- Series Information
- The Oxford Handbook of Organized Crime
- List of Contributors
- Organized Crime: A Contested Concept
- Theoretical Perspectives on Organized Crime
- Searching for Organized Crime in History
- How to Research Organized Crime
- The Italian Mafia
- The Italian-American Mafia
- the Russian Mafia: Rise and Extinction
- Organized Crime in Colombia: The Actors Running the Illegal Drug Industry
- Mexican Drug “Cartels”
- Chinese Organized Crime
- The Japanese Yakuza
- Nigerian Criminal Organizations
- Gangs Another Form of Organized Crime?
- Opportunistic Structures of Organized Crime
- Organizing Crime: The State as Agent
- The Social Embeddedness of Organized Crime
- Protection and Extortion
- Drug Markets and Organized Crime
- Human Smuggling, Human Trafficking, and Exploitation in the Sex Industry
- Illegal Gambling
- Money Laundering
- Arms Trafficking
- Organized Fraud
- The Illegal Exploitation of Natural Resources
- Organized Crime Control in the United States of America
- U.S. Organized Crime Control Policies Exported Abroad
- European Union Organized Crime Control Policies
- The Fight Against the Italian Mafia
- Organized Crime Control in Australia and New Zealand
- Organized Crime “Control” in Asia: Experiences from India, China, and the Golden Triangle
- Finance-Oriented Strategies of Organized Crime Control
Abstract and Keywords
This essay discusses several topics related to human smuggling and human trafficking with a special focus on exploitation in the sex industry. Human smuggling and human trafficking are frequently confused. Human smuggling primarily relates to illegal immigration and the violation of immigration laws, whereas human trafficking primarily relates to exploitation. The essay successively elaborates upon human smuggling, human trafficking for sexual exploitation, policy measures and interventions, and pitfalls and progress in research.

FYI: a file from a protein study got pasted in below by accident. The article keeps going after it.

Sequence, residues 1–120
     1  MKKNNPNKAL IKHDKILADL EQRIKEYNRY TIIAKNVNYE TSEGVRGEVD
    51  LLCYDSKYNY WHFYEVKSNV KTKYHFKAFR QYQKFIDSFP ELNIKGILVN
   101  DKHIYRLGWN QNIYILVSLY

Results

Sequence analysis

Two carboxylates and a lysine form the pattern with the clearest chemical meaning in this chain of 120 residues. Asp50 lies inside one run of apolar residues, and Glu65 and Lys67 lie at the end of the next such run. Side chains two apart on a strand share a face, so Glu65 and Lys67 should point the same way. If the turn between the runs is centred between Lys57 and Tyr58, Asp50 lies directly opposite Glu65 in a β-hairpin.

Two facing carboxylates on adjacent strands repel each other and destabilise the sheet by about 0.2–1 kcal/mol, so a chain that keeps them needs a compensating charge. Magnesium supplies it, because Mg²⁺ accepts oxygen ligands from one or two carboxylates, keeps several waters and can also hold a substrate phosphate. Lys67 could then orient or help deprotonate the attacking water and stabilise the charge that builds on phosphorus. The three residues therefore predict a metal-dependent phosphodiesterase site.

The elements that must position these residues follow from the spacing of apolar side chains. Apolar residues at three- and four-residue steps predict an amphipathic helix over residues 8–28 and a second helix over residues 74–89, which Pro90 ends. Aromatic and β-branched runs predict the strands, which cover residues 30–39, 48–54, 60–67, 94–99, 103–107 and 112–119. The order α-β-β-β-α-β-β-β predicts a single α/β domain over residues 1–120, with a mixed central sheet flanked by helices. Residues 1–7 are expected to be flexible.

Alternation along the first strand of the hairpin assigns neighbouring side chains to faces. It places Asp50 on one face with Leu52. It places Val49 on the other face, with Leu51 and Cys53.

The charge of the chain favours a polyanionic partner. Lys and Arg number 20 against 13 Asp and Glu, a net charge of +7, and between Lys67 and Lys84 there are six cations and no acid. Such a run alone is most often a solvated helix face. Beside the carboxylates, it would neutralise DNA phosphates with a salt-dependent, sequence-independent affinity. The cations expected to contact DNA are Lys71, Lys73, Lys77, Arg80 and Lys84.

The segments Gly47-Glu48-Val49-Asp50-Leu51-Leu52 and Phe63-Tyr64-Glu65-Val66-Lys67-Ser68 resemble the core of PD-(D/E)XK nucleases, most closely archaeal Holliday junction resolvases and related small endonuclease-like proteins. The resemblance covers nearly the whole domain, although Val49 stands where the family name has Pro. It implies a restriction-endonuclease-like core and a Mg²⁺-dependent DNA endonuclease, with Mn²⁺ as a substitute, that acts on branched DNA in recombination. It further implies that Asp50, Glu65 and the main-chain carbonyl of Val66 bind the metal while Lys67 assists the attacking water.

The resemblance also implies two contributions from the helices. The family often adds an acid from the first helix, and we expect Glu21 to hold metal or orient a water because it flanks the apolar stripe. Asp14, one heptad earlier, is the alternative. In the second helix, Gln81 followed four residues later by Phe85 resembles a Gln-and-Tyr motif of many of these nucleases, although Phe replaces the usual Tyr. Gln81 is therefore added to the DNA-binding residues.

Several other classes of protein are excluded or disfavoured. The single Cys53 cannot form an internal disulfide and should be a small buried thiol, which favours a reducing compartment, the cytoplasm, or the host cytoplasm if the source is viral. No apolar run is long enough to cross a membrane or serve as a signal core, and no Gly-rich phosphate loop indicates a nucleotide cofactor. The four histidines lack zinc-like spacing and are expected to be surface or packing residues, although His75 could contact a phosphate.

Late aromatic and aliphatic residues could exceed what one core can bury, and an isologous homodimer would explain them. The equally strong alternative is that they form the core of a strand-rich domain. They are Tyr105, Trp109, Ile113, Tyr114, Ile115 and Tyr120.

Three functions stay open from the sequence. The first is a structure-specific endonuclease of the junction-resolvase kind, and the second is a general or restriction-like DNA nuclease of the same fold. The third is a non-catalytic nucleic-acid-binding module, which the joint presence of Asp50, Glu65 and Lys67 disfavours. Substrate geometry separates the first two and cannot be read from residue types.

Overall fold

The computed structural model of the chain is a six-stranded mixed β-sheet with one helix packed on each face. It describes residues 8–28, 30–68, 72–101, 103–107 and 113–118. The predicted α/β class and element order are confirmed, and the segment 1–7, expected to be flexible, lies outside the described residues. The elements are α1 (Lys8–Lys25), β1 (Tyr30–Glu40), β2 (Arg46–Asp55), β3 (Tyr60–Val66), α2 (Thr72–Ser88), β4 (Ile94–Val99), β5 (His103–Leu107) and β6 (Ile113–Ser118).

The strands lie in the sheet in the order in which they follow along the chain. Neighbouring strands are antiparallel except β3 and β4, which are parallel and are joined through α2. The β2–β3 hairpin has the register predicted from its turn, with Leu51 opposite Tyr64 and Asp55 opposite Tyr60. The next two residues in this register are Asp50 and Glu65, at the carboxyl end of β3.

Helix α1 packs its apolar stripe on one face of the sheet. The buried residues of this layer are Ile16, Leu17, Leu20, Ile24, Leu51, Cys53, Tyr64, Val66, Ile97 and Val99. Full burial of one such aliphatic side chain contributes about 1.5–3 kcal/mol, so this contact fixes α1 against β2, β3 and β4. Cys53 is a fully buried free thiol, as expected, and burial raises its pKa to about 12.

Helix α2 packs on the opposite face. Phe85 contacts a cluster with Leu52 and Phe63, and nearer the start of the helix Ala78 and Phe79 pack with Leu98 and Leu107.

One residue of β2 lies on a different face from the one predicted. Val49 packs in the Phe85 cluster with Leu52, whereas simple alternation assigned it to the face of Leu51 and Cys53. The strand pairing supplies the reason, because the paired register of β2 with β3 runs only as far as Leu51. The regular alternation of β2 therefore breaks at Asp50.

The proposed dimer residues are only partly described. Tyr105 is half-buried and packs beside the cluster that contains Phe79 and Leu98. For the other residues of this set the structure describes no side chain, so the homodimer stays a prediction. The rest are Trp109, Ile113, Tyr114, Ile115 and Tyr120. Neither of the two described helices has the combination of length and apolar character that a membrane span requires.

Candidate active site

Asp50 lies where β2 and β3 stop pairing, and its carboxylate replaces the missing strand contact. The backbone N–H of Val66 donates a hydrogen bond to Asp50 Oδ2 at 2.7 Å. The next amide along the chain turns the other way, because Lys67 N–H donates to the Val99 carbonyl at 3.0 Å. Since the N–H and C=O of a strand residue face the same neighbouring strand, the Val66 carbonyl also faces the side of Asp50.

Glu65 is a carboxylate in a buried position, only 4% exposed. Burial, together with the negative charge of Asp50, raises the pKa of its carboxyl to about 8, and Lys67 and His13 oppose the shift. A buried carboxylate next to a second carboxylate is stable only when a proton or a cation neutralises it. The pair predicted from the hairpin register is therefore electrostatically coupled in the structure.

Prof. Dr. Edward R. Kleemans is full professor at the Faculty of Law, VU University Amsterdam, the Netherlands (Chair: Serious and Organized Crime and Criminal Justice) and Head of the Crime, Law Enforcement and Sanctions Research Division (CRS) of the Research and Documentation Centre (WODC), the Hague, the Netherlands. Since 1996 he has coordinated the Dutch Organized Crime Monitor (OCM), a systematic, continuing research programme into the nature of organized crime in the Netherlands, based upon intensive analysis of 150 large-scale police investigations.
Monika Smit, Research and Documentation Centre (WODC), Ministry of Security and Justice, pb 20301, 2500 EH Den Haag, The Hague, the Netherlands
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